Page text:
What is Ethical Hacking, And How Can It Help You?

There is only one true way to know if your computer system is vulnerable to an outside threat—to be the victim of a cyber attack. Not awesome. But what if there was a better way? What if you were the one attacking … yourself?

That would make you an ethical hacker—someone who systematically attempts to infiltrate a computer system or network vulnerability, like a hacker would, but on behalf of a company’s owners.

Ethical hackers, also known as White Hat hackers, use the same methods and techniques to test and bypass a system’s defenses as their criminal counterparts would, but rather than exploiting them for Ransomware (see our previous blog post on cyber attacks here), they document them and provide actionable advice on how to fix them.

An ethical hacker uses all or some of these strategies to penetrate a system:

  • Scanning systems to find open ports
  • Examining patch installations
  • Tricking employees into sharing passwords
  • Evading IDS (Intrusion Detection Systems), IPS (Intrusion Prevention Systems), honeypots, and firewalls
  • Bypassing and cracking wireless encryption, and hijacking web servers and web applications

The Skills To Be A Hacker

Businesses and government-related organizations are so serious about hiring ethical hackers that an entire industry has opened up to train them. An online search for “Ethical Hacker Degrees” reveals numerous degrees and training programs. The International Council of Electronic Commerce Consultants (EC-Council for short) offers Certified Ethical Hacker (CEH) certification, currently the industry standard, where students learn about viruses and Trojans, identify theft, attack tools, counter measures, and much more.

In addition to technical expertise, ethical hackers also need people expertise. According to a PC World (pcworld.com) article, How To Become an Ethical Hacker, “Ethical hackers also need street smarts, people skills, and even some talent for manipulation, since at times they need to be able to persuade others to disclose credentials, restart or shut down systems, execute files, or otherwise knowingly or unknowingly help them achieve their ultimate goal.”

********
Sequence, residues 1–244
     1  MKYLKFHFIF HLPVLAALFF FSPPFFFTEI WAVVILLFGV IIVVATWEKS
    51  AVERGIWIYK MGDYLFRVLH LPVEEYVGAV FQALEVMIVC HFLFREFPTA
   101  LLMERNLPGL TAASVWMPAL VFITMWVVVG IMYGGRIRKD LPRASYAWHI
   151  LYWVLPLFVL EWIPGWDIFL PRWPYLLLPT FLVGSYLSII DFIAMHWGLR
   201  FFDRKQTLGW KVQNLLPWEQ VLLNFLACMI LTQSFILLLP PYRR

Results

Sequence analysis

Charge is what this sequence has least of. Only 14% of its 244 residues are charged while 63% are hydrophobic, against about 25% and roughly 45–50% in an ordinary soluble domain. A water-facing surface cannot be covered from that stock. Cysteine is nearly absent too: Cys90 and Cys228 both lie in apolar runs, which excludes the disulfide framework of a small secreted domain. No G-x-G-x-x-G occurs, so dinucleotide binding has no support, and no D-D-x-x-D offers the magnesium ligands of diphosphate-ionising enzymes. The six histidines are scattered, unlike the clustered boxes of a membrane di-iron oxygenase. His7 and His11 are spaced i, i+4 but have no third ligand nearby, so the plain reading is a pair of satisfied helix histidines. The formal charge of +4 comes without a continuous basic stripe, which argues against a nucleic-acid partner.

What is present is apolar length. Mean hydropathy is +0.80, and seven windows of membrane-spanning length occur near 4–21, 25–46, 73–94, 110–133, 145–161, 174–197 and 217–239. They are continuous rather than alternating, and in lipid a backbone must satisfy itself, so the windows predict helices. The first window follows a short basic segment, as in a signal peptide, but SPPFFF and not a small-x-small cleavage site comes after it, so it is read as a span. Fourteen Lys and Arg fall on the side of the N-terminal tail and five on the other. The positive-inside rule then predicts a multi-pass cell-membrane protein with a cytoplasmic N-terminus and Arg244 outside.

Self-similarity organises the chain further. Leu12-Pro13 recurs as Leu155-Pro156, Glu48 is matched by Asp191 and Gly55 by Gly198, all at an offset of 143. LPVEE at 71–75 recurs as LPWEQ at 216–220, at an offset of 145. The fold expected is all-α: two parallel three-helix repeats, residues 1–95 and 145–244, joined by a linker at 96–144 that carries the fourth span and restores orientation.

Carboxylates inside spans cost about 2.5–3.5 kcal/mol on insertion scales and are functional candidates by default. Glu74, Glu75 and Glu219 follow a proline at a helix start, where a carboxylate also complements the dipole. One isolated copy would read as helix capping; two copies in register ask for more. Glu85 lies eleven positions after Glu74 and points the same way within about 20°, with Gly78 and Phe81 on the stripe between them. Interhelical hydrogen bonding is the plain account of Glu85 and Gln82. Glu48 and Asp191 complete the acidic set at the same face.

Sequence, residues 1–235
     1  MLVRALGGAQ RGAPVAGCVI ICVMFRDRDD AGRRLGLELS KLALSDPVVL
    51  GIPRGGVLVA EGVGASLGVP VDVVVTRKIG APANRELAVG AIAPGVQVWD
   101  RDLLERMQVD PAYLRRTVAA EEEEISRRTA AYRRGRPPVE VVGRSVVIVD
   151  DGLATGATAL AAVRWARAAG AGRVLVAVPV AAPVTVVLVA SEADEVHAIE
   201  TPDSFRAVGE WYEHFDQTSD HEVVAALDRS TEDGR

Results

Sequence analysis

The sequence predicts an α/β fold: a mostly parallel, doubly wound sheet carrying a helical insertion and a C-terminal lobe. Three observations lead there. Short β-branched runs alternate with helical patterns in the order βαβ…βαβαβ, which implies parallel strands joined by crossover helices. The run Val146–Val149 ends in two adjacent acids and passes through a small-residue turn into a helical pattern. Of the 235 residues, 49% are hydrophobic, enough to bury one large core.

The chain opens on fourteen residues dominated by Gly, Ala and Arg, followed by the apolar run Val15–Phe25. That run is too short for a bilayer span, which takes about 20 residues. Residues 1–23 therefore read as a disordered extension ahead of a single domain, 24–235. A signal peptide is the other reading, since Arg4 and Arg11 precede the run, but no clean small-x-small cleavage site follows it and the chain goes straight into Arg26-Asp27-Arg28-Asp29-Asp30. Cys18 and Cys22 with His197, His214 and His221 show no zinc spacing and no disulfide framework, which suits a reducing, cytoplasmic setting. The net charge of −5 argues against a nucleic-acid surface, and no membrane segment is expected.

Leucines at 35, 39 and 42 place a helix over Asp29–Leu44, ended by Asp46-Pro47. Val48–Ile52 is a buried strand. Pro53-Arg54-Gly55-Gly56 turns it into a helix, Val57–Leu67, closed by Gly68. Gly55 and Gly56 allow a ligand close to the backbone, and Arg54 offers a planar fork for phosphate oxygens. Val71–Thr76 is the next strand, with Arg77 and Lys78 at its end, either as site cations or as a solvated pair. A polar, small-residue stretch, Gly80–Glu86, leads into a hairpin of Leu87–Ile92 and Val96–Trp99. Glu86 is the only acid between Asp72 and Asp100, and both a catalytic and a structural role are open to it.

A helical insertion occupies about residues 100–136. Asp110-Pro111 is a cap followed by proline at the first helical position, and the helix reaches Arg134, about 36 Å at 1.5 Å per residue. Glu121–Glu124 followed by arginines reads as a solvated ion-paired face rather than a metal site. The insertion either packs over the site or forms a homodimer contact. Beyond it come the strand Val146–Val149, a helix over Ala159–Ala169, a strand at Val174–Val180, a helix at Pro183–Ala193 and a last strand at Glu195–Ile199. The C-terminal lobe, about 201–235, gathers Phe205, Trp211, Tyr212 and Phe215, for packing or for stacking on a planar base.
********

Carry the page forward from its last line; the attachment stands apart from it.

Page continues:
A Hacker’s Bag of Tricks

People are the greatest security risk to any application. The more people who have access to a system, the easier it is to exploit them. Finding and exploiting vulnerabilities is often a matter of trickery and taking advantage of laziness, kindness and ignorance.

For example, many organizations insist on passwords being changed every ninety days. Since it can be challenging to continually create new passwords, these types of policies actually encourage easy-to-guess and poorly-created passwords shared by multiple users. A hacker can go to a login portal used by many users and try just one password against every user (this also avoids the ‘common brute force technique’—trying multiple passwords with just one user name, which can quickly lock out the user after too many failed attempts). On a blog for the internet security company peoplesec.org, one ethical hacker describes how he used a common Outlook app to guess a single password against 800 different user accounts. Fifty of the accounts matched, fifteen with VPN access and two with local admin access. The ethnical hacker then used the same password to gain access to the entire system and from there, he could do anything he wanted. The entire process, start to finish, took less than three hours.

The same hacker describes calling a law firm help desk technician, pretending to be one of the firm’s partners and complaining how he couldn’t run an application at home. Without prompting, the desk technician shared his own user name and password for the ‘partner’ to use, instead. With this information, the hacker soon had control over the entire network. Concludes this hacker, “I’d be shocked if more than 10% of enterprises exercise, measure and report the human readiness underlying more than a few of their cyber policies.”

But the most common way to gain access through users is with phishing emails. These can encourage people to respond to a fake DocuSign request, download a patch that is actually a virus, or visit a site that requires password and user name entry (also an easy way to gain access to a bank account or credit card account, as most people re-use the same combination across numerous sites). It’s been reported that, “two-thirds of electronic espionage cases can be traced back to phishing,” and “23 percent of recipients open phishing messages, and 11 percent open attachments,” numbers which are alarmingly high.

It’s Not Ethical To Wait

According to a post on thenextweb.com citing reports on U.S. News and the Ponemon Institute, “Hackers have cost the global economy an estimated $575 billion in 2014 or 0.8 percent of global GDP. Further, in 2015 the average breach at a U.S. company cost 6.5 million dollars.”

Waiting until you have a cyber problem is the wrong time to fix it. Training your team on best practices is as vital as having the right policies in place. We’ve mentioned many threats and solutions in previous blog posts, such as those easily fixed through timely security patches, those exemplified by the recent Equifax breach, and the importance of email security and back-up protection. All are important, and easily implemented.

At Single Path we can provide the guidance and training you need, a plan to keep your organization safer, and supply all your comprehensive IT security needs, from managed firewalls to risk assessment.

Learn more about how Single Path’s Security Offerings can help you create a cyber strategy your business can live with.

Ask us how to get started!